Professional athletes, market innovators, art and tech prodigies all have a longstanding tradition of magnifying their skills with expert coaching. As Inc. magazine explains it, “It’s no secret that high performers of all stripes swear by coaching. Everyone from Google’s founders to the rock band Metallica credits coaches with getting them where they are today (or keeping them there).”
But how do you choose an executive coach that’s right for you? Below are eight considerations to help you identify a coach who’ll support and push you to achieve and sustain the change you desire, long-term.
Personal comfort and connection
Ever noticed how you click (or not) with some people? Or how some folks tend to get the best out of you? That personal connection might be the most important variable in choosing a coach.
It’s not about how similar you or your backgrounds may be. The fit and comfort of the interaction is crucial: Do you feel this is someone you can have honest, open conversations with? Does it feel comfortable to talk with them?
Pay attention to how you feel around the prospective coach, and how smoothly communication flows. This is not to suggest that you look for trust and bond within the first conversation, but do trust your feelings regarding ease of engagement.
Coaching style and approach
As you learn about your potential coach’s style and approach, consider how they might support the changes you want to experience. How much time will you spend face-to-face, and how will you maintain support and accountability when you’re not face-to-face? How accessible is the coach as work or personal crises erupt or conditions change?
Pay attention to whether the coach is flexible to accommodate your style of learning and engagement. Are they likely to communicate with you in the style and manner most likely to facilitate change for you (e.g. provide lots of reading, data, examples, process through dialogue, etc.)? Ensure they offer the approach that is most engaging for you.
Orientation to change
Change is tough. Before you commit to a coach, it’s wise to probe how he/she views the change process — not just making a change but sustaining it so it becomes second nature. Is their framework based on evidence? Does it resonate with you?
If you aren’t sure what course has the highest probability of sustainable change for you, choose a coach that has the insight and knowledge to help you identify what works best for you. Flexibility and adaptability are valued traits in a coach!
Level of support
Your work conditions will change during your coaching relationship. Dilemmas will emerge, and you’ll have unforeseen fires to put out, each representing an opportunity to work on your goals.
How much support can your coach give you, both in staying the course and in tackling new challenges as they arise? Does that coach provide feedback, encouragement, motivation, and serve as a sounding board when appropriate? Does that level of support feel comfortable or adequate to you?
Your needs, goals, obstacles and personal quirks may differ sharply from your peers. It wouldn’t make sense to apply a one-size-fits-all method to every client. When choosing a coach, a personal assessment and goals development are vital to ensure you have the right tools and path to get you where you want to go.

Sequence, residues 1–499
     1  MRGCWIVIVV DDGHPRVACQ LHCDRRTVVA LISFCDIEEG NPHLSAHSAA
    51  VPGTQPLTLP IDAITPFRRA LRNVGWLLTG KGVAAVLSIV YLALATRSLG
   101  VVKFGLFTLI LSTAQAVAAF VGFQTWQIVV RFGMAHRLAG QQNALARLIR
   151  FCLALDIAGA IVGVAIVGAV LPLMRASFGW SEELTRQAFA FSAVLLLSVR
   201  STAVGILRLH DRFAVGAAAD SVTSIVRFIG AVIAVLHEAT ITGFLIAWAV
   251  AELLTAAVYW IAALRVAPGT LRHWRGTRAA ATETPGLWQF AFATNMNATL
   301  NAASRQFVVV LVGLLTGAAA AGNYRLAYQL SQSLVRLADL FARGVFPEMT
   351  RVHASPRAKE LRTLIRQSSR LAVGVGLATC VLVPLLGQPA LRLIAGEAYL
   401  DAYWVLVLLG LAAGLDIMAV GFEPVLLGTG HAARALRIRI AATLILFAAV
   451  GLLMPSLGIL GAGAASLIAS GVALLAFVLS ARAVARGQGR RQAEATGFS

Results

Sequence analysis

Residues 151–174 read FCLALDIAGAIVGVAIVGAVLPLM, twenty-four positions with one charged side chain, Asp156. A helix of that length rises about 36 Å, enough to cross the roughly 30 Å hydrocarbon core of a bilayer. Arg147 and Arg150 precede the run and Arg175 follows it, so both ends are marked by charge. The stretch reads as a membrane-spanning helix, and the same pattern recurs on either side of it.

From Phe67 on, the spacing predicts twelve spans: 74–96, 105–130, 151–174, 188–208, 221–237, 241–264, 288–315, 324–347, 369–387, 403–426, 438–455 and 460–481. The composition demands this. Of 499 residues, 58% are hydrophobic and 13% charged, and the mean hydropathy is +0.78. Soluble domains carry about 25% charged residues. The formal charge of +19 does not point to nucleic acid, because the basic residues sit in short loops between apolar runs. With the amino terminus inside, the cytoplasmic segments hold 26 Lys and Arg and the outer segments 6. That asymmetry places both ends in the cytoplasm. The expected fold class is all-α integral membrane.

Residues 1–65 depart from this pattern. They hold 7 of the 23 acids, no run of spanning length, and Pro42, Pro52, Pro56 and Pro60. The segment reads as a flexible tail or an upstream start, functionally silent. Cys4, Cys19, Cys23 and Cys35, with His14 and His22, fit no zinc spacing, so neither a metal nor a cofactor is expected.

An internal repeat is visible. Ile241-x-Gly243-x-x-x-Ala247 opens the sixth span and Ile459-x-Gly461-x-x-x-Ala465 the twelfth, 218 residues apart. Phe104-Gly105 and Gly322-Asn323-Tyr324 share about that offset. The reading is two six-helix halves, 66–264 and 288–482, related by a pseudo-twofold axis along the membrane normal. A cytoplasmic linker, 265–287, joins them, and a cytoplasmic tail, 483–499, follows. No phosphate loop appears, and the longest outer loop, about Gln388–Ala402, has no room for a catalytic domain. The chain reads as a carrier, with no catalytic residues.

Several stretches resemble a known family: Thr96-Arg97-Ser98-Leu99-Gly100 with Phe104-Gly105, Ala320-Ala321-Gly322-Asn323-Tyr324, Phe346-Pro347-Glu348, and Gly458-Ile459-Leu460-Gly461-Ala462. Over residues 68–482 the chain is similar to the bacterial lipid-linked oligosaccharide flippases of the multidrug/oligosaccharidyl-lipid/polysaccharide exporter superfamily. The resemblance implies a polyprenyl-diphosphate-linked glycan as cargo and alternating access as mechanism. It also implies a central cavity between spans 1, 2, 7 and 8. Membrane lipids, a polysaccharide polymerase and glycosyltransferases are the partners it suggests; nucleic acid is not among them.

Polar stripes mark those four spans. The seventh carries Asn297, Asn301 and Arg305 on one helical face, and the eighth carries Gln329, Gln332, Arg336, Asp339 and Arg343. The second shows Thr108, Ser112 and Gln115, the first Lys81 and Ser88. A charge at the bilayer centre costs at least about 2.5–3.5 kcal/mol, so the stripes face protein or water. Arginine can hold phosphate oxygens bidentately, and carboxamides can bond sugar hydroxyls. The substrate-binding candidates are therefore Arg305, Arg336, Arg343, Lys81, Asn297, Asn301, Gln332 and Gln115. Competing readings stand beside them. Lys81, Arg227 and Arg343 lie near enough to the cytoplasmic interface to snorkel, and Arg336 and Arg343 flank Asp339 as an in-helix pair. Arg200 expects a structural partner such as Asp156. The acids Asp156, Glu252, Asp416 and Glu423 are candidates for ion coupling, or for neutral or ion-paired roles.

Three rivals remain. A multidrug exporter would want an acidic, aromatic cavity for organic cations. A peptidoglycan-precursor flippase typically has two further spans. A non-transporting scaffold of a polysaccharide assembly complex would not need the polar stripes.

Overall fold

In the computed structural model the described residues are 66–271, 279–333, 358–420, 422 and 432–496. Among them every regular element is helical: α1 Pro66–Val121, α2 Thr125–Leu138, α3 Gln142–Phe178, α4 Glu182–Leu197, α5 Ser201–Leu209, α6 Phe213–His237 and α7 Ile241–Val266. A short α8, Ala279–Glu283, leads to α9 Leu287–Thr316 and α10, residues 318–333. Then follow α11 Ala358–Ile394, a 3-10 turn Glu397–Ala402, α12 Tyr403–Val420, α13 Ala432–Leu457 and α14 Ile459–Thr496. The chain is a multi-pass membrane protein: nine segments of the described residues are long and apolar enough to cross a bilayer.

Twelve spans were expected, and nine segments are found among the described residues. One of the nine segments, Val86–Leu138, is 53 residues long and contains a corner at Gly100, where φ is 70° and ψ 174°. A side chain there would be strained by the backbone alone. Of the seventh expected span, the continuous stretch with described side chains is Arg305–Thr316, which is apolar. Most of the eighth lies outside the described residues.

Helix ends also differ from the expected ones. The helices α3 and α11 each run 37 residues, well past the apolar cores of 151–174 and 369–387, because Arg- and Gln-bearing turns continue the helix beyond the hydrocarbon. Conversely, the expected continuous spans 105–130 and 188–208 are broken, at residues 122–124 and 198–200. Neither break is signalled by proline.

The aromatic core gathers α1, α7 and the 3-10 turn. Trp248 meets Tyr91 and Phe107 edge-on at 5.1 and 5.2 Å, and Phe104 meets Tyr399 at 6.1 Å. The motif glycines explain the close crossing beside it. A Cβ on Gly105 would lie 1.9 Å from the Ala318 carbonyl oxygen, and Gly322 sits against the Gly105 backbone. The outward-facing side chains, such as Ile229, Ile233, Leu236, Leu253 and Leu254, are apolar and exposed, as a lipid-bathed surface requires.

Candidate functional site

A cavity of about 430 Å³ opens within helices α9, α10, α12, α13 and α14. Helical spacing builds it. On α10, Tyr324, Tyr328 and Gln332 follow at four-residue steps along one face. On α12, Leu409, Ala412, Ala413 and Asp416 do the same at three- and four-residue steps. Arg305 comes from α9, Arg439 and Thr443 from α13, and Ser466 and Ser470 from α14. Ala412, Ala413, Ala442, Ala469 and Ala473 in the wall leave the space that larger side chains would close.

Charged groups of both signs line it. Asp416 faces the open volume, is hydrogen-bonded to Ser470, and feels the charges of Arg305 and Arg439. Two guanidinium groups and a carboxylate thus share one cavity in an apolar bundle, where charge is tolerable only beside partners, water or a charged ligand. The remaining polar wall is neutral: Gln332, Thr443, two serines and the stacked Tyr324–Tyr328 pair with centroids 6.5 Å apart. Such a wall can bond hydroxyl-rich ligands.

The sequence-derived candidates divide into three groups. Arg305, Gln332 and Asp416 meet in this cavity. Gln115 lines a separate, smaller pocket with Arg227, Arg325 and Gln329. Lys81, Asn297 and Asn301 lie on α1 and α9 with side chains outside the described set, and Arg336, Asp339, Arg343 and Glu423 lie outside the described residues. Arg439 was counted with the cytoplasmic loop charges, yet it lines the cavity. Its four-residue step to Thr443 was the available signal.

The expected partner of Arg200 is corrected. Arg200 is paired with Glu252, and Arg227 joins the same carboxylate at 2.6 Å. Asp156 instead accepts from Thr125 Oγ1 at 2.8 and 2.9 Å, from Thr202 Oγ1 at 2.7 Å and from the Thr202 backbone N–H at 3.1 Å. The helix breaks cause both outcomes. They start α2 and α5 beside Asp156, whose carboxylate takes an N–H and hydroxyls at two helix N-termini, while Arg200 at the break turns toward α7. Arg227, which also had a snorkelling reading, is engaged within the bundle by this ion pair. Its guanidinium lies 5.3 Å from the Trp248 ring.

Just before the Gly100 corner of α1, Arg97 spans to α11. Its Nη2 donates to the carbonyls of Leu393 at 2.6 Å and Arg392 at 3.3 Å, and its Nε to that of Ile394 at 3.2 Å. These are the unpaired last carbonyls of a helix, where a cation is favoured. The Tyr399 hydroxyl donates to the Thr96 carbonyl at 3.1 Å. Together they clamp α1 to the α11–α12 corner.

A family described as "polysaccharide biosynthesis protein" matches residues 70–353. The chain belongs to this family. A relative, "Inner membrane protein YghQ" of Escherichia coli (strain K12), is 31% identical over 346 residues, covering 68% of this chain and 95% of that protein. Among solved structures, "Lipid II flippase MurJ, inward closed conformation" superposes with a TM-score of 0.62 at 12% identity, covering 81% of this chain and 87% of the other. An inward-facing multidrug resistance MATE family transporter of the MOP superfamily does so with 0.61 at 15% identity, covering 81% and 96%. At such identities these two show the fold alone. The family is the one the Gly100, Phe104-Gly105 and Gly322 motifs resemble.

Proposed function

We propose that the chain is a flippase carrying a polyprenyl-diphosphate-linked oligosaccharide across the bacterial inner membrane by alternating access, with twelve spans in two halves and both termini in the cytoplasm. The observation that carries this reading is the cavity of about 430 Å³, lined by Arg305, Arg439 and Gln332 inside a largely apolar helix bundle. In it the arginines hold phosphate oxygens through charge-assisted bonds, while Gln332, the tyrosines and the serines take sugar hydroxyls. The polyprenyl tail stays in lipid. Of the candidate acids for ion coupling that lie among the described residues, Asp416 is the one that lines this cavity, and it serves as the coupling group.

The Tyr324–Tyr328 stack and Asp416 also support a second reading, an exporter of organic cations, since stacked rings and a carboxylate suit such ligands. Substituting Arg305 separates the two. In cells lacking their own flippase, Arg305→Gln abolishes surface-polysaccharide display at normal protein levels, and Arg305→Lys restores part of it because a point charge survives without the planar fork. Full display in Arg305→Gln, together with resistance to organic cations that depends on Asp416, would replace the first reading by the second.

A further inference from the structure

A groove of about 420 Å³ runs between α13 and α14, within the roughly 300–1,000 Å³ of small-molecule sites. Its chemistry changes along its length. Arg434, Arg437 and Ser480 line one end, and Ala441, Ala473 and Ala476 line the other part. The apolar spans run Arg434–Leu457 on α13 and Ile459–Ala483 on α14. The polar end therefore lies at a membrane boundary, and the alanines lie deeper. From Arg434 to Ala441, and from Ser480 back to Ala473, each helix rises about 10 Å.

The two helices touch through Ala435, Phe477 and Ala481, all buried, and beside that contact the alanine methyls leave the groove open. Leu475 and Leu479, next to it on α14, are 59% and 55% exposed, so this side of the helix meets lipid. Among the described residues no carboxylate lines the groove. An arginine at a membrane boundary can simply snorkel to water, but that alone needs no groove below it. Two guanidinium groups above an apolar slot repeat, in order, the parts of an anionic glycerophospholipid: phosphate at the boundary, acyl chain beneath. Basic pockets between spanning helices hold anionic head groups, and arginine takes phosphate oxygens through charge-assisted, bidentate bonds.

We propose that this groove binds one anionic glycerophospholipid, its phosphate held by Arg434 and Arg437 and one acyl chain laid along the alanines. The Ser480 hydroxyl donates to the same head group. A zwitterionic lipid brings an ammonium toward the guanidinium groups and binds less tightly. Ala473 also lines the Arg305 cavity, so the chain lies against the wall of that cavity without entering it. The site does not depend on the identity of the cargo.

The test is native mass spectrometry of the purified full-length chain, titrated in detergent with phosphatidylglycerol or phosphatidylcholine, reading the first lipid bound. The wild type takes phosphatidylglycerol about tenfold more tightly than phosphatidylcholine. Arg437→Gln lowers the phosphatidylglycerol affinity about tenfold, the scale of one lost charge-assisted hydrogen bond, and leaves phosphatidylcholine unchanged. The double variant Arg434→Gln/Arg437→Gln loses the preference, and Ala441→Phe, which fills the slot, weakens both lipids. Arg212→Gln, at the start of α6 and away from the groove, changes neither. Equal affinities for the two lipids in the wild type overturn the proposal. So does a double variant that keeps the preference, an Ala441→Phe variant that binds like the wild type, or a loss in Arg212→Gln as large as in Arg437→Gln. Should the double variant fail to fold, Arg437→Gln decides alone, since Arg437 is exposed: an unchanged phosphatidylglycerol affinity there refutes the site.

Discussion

Inquire from your potential coach their process to help you identify the goals that are most appropriate for you. Ensure they have a proven method of identifying those, and you feel comfortable fully engaging and committing to that process.
As work or life conditions shift, adjustments are inevitable for a thriving coaching relationship. As we’ve covered earlier, your executive coach should be sensitive to your needs and flexible to adapt to your style and pace, so you get the best experience (and results) possible.
Balance between supportive and challenging
Effective coaches can’t be all cheerleaders, nor all drill sergeants. You won’t evolve without a healthy dose of both supportive validation and challenge. Yes, your coach is your advocate, sounding board and guide. But most importantly, your coach is your catalyst to becoming a transformational leader. You won’t get there without stretching out of your comfort zone.
The ultimate outcome is always to actualize your optimal potential as a leader. An effective coach will recognize your blind spots and vulnerabilities, challenging you to bring those to a conscious level, then actively develop sustainable change. Choose a coach that you feel will walk that path with you, balancing your needs at any given point.
What’s your coach’s training, background and experience? Inquire what process your coach will take to ensure you achieve your desired outcomes. Does the process have a proven track record of success?
Remember, rapport is an essential leverage to success in coaching, as is a proven methodology. The combination of rapport (ultimately trust), effective communication and a proven roadmap are essential to your desired outcome.
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All things considered, the goal of hiring a coach is transformation. Studies tell us it may take up to 254 days to form a new habit, and an effective coach should have a proven, personalized plan to make that happen.
By this time next year, you, your team and organization will be amazed by what you’ve achieved! You just have to find the right coach.